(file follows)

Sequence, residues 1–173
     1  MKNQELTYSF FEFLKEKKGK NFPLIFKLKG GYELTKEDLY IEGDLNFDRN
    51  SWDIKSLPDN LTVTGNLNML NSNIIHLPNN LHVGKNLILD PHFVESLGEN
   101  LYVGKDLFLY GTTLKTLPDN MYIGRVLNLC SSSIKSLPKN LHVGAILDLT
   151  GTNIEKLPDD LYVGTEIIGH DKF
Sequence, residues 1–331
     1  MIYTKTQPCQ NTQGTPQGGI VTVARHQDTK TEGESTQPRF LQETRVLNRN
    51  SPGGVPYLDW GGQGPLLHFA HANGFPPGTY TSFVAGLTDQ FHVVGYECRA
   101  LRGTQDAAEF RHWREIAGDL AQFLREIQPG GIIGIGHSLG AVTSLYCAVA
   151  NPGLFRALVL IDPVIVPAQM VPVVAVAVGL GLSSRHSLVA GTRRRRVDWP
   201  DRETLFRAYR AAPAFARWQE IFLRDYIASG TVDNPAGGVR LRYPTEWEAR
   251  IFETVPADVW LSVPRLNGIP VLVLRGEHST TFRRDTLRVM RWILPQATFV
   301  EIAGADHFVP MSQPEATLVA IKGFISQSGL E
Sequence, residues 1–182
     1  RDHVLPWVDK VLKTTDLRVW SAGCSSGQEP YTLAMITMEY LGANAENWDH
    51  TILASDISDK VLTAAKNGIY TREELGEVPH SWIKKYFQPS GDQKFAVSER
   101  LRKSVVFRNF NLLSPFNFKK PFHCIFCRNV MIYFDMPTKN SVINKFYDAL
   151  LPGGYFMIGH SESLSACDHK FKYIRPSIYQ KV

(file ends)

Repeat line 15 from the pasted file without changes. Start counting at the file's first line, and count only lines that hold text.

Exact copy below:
     1  RDHVLPWVDK VLKTTDLRVW SAGCSSGQEP YTLAMITMEY LGANAENWDH